1. In answer to the first Article of this complaint, if any of her subjects can be proved guilty of the crimes laid to their charge, they shall be punished. The Queen has at great expense equipped vessels against the pirates, whilst no other Princes have done the same, but rather abetted them by allowing them to enter their ports.
2. To the second Article, the Queen does not acknowledge the King of Portugal's right to forbid the subjects of another Prince from trading where they like, and she will take care that her subjects are not worse treated in the King of Portugal's dominions than his shall be in hers.
3. To the third Article, as the Scots are not esteemed as pirates in their own country, she cannot exclude them from her harbours without breaking the amity now existing. She will, however, forbid, under heavy penalties, any of her subjects from assisting them in their depredations on the Portuguese.
Copy. Endd. by Cecil: The copy of this was delivered to the Lords of the Council 8 April 1561. Lat. Pp. 4.
[April 8.]99. Translation of the above into English.
rig. Draft. Endd. by Cecil. Pp. 4.
[April 8.]100. Another translation into English of the above.
Orig. Draft, partly in Cecil's hol. Endd. Pp. 4.
[April 8.]101. Fair copy of the above.
Corrected and endd. by Cecil. Pp. 4.
April 8.102. French Hostages.
Oath of Claud De la Tremoille, Comte De Benon, Baron De Noirmoustier, one of the hostages sent into England by Charles, King of France, to the effect that he will observe the articles of the treaty of 2 April 1559.—Westminster, 8 April 1561.
Orig., on vellum. Endd. by Cecil. Lat.
April 9.103. Throckmorton to Cecil.
1. Has received his letters of the 28th and 30th March by the Lord James; of whose arrival, and going towards Rheims, Throckmorton has presently written the Queen. Doubts not but that Cecil will consider what cause he has to mistrust the doings of the Duke of Châtellerault and his son, wherein Captain Forbes' slender usage of himself at his passing through England has done no great good to persuade well of them. Thinks it proceeds rather of folly than practice or malice of the Duke's part. Thinks that the Duke is of both readier to incline this way, being thereunto urged by the Papists. As for the other, Cecil understands his case by Alexander Clerk, (now at his passing through,) "and whereunto he must be driven to save all upright."
2. As to Forbes's packet which he lost and recovered again in England, saving for the shame to him to lose it, he [Forbes] cared not whether the same had been seen, for he has uttered to the writer the whole contents thereof, and also his instructions, which were to the King of Navarre and the Constable, whom he requests (and thereto instructed Forbes) to advise him how he may have the Queen of Scotland in marriage.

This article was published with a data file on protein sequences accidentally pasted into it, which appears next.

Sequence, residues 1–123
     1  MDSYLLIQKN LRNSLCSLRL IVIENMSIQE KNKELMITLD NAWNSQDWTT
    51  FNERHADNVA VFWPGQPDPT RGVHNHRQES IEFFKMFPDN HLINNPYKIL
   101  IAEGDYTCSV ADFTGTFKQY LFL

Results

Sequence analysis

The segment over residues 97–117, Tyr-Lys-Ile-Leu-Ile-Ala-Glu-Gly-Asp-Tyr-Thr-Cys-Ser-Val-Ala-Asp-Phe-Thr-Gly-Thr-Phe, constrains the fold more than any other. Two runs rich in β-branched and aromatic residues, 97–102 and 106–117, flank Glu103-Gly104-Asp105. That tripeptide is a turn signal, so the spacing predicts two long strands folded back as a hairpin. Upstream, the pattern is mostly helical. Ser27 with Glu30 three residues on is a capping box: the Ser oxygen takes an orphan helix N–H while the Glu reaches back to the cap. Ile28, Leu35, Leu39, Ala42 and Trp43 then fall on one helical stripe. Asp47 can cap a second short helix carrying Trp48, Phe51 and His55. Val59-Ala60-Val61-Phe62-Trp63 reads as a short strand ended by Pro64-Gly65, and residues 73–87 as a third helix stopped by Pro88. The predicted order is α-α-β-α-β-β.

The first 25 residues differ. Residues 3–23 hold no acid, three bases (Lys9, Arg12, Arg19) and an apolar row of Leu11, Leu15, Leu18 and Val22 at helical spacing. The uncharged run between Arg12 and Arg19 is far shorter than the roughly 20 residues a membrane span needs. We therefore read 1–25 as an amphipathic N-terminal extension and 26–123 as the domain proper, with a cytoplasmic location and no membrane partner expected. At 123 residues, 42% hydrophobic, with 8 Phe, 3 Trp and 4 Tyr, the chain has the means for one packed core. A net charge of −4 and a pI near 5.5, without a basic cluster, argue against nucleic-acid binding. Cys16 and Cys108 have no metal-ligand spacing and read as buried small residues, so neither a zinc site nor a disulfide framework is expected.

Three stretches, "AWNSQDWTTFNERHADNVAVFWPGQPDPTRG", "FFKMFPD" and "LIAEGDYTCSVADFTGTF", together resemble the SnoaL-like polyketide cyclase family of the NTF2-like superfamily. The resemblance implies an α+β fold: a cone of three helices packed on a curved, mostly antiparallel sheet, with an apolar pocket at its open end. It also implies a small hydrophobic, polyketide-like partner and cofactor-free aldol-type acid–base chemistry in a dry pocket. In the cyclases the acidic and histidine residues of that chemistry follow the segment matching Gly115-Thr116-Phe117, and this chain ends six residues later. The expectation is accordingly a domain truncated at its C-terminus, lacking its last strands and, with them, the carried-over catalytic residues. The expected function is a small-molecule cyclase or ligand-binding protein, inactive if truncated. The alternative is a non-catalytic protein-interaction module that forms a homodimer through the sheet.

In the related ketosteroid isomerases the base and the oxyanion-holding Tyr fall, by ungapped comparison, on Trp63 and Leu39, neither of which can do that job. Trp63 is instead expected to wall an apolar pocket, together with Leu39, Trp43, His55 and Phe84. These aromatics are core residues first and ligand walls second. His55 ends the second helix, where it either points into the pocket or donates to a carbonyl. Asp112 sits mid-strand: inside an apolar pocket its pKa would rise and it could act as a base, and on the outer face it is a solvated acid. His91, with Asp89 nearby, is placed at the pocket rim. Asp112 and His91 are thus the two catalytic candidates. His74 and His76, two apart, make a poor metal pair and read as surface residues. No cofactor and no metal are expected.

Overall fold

3. Lord James, understanding his message, is not a little offended that Forbes never discovered it to him until they came to Boulogne, which if he had known in England he would never have suffered him to pass therewith. Whereby it appears that Lord James was nothing privy to it, whereof he beseeches the Queen to be persuaded.
4. Cannot certainly learn what answer the Portingales have had, but it seems not very good, as the Ambassador sent to him and fain would know what the French meant by arming to sea. As far as he can learn, they rig forth ten ships, some for the voyages that the Portuguese fear, and some for other purposes. Sends certain letters of Lord James, and asks that they may be forwarded according to their directions.—Paris, 9 April 1561. Signed.
5. P. S.—Whatsoever ingratitude or strange dealing is done by the Duke of Châtellerault, the writer thinks that the Queen and Council should wink at it until time work some effect to serve the Queen's purpose; for betwixt the two factions in Scotland it will be hard to tell what the event shall be, and which shall be meetest for the Queen to lean to. (fn. 7)
Orig. Add. Endd. by Cecil's secretary. Pp. 3.
April 10.104. Lord Grey to Cecil.
Perceives that Thomas Carlisle's wife is at London, and by process that she lately caused to be served and by other means procures many incumbrances to disquiet her honest neighbours in this country. Thinks that she and her husband will exclaim also upon him for the matter of the fishing in controversy betwixt them, wherein he has already (according to Cecil's request in his letter of March 18) restored the use of the water to such men as have occupied the fishing heretofore for Carlisle, to answer the commodity thereof to whomsoever the law shall order. Trusts that no credit will be given in his absence to malicious slanders which may redound to the prejudice of his true title and claim. Seeing that he refers himself to law, and does nothing upon greediness or hatred, he trusts that neither their exclaims or their friends will move Cecil or the Lords of the Council to hear any wrong opinion of the writer.—Berwick, 10 April 1561. Signed.
Orig. Add. Endd. by Cecil's secretary. On the back: At Berwick, 10 April, at one, afternoon. Pp. 2.

Footnotes

1 So in the original, but plainly an error.
2 The third Sunday after Easter.
3 So the letter, but the figures are apparently erroneous. The letter from Johnson to Cecil of April 24 (No. 142) speaks of 30,000.
4 At the back of this document Cecil has written the following names: My Lord Admiral, Mr. Secretary, Mr. Peter, Mr. Mason, Mr. Wotton, Mr. Hadden.
5 Seilicet, Minæ, Mingetæ, et Brasiliæ, marg. note in the original.
6 One half of the second leaf (blank) has been torn off.
7 The whole of this P.S. is in Throckmorton's hand.